African countries are in the spotlight once gain as demand in Africa for IT related products like computer hardware, peripherals and accessories continues to grow with the passing of each year. A large portion of this demand is being serviced by Dubai-based computer companies – both traders and manufacturers.
As a result, many computer vendors in Dubai have been keen to set up distribution channels in African countries to capture the growing market in countries like Kenya, Tanzania, Uganda, Nigeria, Ethiopia, Sudan and Ghana.
Acer recently announced it will earn US$3.5 million from a contract to supply desktops to the education authorities in Ethiopia. In another such deal, Acer Computer (M.E) will be delivering 1,800 high-end desktops and notebooks to the Tunisian Ministry of Education (MoE) and the Ministry of Technology (MOT). Acer has already supplied 4,758 desktops to the Tunisia as part of the deal. “This deal is not just a significant milestone for Acer, it is a reflection of the strength and presence of Acer as a brand, especially with educational institutions across the region,” said Mohammed Hilili, country sales manager, North & West Africa, Acer Computer, (M.E).
Another Dubai-based company, Pro Technology is also targetting new and emerging markets in Africa and has recently opened a new showroom in Libya. The company already has an office in Sudan.
On the other hand, Creative is in the process of identifying reliable distribution partners in Africa. According to recent reports, top executives in Creative’s Singapore headquarters have instructed Creative’s Middle East office to explore possibilities of developing distribution channels in lucrative African markets such as Nigeria, Ghana, Konya, Sudan and Ethiopia.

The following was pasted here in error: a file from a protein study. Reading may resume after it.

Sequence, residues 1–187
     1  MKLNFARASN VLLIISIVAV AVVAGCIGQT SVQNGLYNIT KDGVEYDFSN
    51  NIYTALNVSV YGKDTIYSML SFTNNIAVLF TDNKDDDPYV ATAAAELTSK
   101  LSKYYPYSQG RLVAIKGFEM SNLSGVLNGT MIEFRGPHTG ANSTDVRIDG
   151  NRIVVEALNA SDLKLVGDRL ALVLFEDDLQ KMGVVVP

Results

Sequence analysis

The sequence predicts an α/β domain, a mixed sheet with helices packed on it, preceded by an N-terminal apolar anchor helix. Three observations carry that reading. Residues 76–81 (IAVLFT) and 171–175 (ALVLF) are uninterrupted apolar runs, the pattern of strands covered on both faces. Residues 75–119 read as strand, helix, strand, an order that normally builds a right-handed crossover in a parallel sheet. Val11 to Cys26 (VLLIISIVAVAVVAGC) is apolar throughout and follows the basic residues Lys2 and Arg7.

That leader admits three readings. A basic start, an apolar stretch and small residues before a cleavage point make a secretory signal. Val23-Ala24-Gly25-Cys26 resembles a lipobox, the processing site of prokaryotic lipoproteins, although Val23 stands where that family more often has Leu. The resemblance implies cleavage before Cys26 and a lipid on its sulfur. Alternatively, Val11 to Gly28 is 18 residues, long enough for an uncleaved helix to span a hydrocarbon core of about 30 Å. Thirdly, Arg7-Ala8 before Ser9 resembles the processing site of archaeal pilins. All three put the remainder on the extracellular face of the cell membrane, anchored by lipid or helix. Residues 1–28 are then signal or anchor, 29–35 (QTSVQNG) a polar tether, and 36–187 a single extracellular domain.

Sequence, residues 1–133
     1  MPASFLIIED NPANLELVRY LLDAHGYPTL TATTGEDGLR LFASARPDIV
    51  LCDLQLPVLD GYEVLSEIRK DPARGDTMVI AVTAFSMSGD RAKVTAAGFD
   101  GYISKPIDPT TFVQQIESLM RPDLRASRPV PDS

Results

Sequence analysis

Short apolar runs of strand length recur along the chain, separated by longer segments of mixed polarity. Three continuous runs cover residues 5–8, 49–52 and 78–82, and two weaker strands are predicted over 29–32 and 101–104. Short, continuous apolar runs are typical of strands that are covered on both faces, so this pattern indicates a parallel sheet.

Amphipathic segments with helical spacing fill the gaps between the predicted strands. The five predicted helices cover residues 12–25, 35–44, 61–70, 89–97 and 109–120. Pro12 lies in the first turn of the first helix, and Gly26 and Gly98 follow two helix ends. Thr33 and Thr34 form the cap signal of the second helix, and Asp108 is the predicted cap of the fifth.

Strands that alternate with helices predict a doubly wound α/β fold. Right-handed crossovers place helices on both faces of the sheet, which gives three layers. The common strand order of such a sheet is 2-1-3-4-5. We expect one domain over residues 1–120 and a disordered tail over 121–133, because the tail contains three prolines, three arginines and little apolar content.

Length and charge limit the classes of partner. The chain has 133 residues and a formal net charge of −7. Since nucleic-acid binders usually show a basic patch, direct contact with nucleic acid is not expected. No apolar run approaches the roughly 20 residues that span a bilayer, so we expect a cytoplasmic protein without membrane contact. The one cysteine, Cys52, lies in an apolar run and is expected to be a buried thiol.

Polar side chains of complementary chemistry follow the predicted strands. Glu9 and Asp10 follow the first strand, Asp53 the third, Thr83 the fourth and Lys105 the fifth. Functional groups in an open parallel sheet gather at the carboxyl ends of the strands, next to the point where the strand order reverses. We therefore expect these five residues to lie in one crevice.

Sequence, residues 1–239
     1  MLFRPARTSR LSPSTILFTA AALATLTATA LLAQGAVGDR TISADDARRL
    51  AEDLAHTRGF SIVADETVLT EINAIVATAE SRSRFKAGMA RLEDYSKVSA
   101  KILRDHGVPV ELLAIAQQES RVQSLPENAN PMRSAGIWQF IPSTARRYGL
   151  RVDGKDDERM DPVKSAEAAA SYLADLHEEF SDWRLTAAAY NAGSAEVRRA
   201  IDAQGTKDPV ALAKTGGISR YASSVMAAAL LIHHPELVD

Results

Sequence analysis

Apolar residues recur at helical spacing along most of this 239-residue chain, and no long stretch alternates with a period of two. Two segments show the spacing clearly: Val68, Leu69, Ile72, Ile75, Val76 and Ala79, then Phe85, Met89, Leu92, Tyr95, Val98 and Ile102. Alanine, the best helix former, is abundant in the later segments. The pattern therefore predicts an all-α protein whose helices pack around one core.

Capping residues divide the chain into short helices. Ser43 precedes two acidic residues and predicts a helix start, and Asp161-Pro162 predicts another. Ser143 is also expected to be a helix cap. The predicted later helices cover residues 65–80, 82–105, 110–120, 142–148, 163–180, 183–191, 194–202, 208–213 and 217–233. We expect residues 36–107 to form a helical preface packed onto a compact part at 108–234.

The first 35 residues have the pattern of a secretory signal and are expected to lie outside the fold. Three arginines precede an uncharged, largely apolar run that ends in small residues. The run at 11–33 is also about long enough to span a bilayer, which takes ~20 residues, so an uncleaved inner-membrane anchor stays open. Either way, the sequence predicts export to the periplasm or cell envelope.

Cisco and Toshiba have also been in the news recently for appointing authorised distributors to develop channels in specific African markets.
Although there are many computer vendors in Africa, many companies are now realising the importance of the African market and its potential in the coming years and are now eager to penetrate these markets through proper distribution and marketing channels.
Yes, Africa is a tricky market and getting a foothold in African markets is not as easy as it sounds. Problems exist – low purchasing power of the average consumer, trade barriers, high import duties and the challenge of making your mark in African countries have made many suppliers rethink their plans of entering the African markets. But many see an opportunity where others see a challenge. Dubai-based computer vendors such as Microsim, Hatta Computers,, Tangerine Computers,, Datacare, HMP Computers have been doing business with African countries for a long time now – having recognised the long-term potential of the African markets. These companies have established themselves as leading suppliers of computer hardware, peripherals and accessories to many African countries.
There is a twist in the tale though. Many big multinational computer companies feel unsure about the prospect of developing direct distribution channels in Africa. As it is, their products are being sold in substantially large quantities to African customers through their authorised agents in Dubai. Re-exports of IT products to Africa from Dubai is a lucrative business for the authorised agents for large multinational brands. Bypassing their authorised agents and selling directly into the African markets might have an adverse impact on their overall sales in the Middle East as Dubai has served as a distribution centre and a business hub serving the Middle East and Africa (MEA) region.
Will these IT giants opt to stay within their re-export and sub-distribution routes or will they prefer to sell directly into African markets remains to be seen.IT